Many people will go their entire life and drink either Coke or Pepsi without ever making sure that it’s actually the same product they’ve always enjoyed. The same can be said for wine brands. With the ever-expanding arm of globalization, wines that might have been difficult to get in the States in years past have become much more accessible. This may be a good thing, but it has another, more precarious edge to it.

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Chardonnay: What’s old is new again

If the latest trend in consumption of Chardonnay wines is any indication, America’s taste buds are changing. That doesn’t mean we’re drinking less of the mother of all white grapes; we’re just drinking more of the steel-fermented style. Traditionally, we’ve championed the California style of heavy, oak-influenced Chardonnays that rolled over the tongue like a butter wheel. All that oak barreling and oak aging meant immediate gratification to the wine consumer, with creamy textures, toasty spice and the occasional scoop of butterscotch.

Perhaps though, the American palate is evolving, like a child’s who doesn’t quite go goober over a piece of Werther’s Original candy anymore. Maturation has led us to pursue something a little less obvious, more discerning in style and simpler. That maturation, at least for the Chardonnay grape, is causing more wine to be fermented in steel tanks and consequently, less in oak barrels. With the rise in demand for such wines, vintners have been busy over the past few years in generating and presenting the type of wines that will fill that supply line.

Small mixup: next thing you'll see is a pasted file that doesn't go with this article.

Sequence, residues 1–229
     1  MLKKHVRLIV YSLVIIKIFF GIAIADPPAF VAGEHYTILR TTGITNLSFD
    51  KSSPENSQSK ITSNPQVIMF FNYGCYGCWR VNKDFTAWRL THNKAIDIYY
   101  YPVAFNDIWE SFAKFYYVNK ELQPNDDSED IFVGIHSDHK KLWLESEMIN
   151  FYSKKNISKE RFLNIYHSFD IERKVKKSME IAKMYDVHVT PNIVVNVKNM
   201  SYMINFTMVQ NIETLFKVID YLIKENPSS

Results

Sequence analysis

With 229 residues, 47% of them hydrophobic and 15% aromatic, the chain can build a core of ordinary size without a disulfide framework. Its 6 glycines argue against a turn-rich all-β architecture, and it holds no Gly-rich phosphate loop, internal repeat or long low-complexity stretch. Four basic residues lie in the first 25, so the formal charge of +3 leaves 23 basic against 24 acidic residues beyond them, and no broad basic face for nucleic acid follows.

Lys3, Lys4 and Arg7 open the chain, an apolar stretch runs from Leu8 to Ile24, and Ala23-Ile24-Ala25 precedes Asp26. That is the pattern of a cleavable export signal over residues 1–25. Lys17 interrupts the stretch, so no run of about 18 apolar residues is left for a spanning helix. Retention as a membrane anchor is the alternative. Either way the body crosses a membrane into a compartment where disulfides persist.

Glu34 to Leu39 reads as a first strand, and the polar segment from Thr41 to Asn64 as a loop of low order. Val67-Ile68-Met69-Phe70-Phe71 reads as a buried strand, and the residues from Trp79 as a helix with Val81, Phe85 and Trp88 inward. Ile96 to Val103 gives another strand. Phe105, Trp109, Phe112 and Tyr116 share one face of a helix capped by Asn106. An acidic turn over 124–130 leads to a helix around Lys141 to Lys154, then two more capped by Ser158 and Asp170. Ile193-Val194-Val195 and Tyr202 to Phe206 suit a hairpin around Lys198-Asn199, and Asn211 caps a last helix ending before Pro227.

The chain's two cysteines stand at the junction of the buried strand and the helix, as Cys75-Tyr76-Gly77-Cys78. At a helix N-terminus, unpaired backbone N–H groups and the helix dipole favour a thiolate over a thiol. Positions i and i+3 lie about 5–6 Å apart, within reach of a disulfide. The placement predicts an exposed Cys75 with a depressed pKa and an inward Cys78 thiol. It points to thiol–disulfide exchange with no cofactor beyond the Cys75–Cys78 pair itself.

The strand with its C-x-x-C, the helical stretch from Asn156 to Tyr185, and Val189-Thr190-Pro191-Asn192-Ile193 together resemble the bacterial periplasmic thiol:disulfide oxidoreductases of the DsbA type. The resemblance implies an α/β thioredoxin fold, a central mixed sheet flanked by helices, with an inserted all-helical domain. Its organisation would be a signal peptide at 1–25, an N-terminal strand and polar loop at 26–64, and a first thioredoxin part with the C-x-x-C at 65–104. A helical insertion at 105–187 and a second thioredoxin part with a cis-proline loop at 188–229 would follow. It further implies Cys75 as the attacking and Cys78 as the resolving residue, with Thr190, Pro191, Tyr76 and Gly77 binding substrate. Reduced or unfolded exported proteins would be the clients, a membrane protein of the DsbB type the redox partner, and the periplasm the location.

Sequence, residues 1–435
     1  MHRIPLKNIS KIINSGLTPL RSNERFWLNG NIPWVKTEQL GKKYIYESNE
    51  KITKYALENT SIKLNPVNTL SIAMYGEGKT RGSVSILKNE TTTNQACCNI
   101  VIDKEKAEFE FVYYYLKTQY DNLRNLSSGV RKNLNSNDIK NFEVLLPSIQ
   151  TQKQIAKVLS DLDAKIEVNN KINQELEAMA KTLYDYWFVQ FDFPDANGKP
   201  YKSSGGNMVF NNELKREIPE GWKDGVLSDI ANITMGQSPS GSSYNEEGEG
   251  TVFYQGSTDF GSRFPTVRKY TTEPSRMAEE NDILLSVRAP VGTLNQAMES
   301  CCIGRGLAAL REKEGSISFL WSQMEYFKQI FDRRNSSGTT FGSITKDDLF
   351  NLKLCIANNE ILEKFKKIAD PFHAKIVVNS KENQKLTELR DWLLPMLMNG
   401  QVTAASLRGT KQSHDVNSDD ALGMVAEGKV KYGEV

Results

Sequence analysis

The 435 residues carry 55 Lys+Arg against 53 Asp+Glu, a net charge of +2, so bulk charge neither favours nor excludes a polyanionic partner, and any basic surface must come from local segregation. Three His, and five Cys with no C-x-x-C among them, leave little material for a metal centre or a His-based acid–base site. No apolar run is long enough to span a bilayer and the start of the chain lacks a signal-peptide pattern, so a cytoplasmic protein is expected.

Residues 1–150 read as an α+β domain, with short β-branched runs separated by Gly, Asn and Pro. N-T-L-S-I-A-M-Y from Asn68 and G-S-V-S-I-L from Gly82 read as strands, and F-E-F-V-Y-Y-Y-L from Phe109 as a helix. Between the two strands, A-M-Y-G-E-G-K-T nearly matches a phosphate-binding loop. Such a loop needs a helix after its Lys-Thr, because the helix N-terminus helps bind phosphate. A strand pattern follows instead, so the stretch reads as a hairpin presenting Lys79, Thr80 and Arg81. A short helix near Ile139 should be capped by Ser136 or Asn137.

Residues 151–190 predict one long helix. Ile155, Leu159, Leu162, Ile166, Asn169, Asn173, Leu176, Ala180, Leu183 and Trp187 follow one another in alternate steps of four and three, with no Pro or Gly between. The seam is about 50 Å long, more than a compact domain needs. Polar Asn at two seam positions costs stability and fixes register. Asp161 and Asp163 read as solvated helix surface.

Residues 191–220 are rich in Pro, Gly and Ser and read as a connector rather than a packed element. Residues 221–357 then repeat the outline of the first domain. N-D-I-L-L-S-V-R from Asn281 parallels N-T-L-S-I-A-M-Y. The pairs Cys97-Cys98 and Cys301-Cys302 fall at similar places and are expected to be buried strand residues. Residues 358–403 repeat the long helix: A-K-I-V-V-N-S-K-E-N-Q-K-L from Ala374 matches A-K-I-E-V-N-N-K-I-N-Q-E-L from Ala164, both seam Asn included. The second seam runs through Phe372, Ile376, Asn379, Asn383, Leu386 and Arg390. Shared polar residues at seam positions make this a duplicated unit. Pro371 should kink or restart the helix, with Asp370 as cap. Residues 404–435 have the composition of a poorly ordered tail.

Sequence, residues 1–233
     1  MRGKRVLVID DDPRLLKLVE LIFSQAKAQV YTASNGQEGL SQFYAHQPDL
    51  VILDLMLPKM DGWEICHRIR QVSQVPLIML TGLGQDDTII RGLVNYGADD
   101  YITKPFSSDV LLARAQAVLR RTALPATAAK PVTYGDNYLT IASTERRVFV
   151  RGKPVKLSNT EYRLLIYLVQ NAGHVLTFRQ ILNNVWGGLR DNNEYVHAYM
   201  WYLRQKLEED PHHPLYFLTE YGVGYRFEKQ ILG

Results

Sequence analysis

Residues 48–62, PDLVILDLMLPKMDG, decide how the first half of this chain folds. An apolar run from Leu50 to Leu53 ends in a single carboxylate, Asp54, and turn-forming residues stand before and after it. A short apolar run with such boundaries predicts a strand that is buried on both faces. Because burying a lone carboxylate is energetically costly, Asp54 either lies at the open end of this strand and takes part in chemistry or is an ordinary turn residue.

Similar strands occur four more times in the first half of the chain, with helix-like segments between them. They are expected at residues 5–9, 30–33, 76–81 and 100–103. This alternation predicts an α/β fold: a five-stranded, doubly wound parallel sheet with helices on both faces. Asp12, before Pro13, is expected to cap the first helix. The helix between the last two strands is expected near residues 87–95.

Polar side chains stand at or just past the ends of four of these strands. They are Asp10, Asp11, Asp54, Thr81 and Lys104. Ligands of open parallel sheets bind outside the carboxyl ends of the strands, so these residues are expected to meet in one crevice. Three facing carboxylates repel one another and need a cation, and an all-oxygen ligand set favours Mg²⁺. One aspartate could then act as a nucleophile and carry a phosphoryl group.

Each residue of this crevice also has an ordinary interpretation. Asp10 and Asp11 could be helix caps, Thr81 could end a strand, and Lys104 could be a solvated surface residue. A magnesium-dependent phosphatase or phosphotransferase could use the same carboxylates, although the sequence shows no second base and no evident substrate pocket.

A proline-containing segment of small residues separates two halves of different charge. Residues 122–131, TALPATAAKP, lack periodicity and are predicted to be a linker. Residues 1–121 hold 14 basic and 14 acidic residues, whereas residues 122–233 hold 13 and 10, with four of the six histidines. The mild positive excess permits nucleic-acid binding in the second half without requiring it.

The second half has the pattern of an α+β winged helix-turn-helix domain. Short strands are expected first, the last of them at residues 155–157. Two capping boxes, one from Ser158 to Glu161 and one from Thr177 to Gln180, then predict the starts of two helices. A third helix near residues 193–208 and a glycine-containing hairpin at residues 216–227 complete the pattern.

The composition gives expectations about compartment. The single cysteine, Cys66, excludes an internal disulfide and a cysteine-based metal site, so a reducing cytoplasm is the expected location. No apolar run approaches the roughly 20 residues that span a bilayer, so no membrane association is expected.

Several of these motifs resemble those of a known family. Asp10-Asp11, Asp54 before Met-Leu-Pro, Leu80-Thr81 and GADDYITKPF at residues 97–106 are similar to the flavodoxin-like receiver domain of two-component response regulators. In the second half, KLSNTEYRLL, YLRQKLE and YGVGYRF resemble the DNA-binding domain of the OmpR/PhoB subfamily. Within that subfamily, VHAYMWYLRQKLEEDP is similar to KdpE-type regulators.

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The right wines to pair with spicy foods

Unlike pairing wines with the everyday grub of pizza or burgers, only a few varietals match up well with spicy ethnic dishes. So whether your next take-out dinner or creative domestic adventure is Malaysian, Thai or Indian-influenced, you can find some relief from the heat with these cooler than cool wines.

n 2009 Pacific Rim Columbia Riesling

One of my favorite, local take-out dishes is the Drunken Noodles from Little Bangkok. A pseudo-Thai inspired restaurant, Little Bangkok makes a handful of over-the-top spicy noodle plates that include not only the aforementioned Drunken Noodles but also a classic Thai rice noodle recipe called Tai Mee Siam. These feisty Asian belly-fillers call for a quick and easy thirst reliever, and any number of Washington State Rieslings will do the trick.

When I know that I’m going to be asking for that extra heat in my take-out order, I’m quite comfortable in pairing it up with Pacific Rim’s Columbia Valley Riesling. This wine label puts out two other Rieslings that are simply named Dry or Sweet. Instead, look for the regular Columbia Riesling that is accordingly labeled so and falls more along the lines of a middle of the road or off-sweet wine. The Pacific Rim offers a perky and flavorful mix of juicy navel oranges and deep central Georgia peaches. After that chili paste heat, your tongue will thank you for choosing a fresh, fruit-driven wine.

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Two Merlots worth a try

Earlier this year, the search for an affordable Merlot that was also high in quality seemed a formidable challenge. At one tasting alone, a local panel of wine enthusiasts ran through 15 or more Merlots in a vain attempt to find something worth recommending. This void in Merlot magic got me thinking about the protagonist in the movie “Sideways.”

Played by actor Paul Giamatti, Miles makes it quite clear that, under no uncertain circumstances, is he ever going to drink “any ?!*# Merlot.” Some might say that old Miles and I have something in common. Although I’ll probably never be a serious Merlot drinker, recently I have been introduced to a handful of Merlots that I enjoy and recommend.

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Oregon’s 2009 vintage of Pinot Gris scores well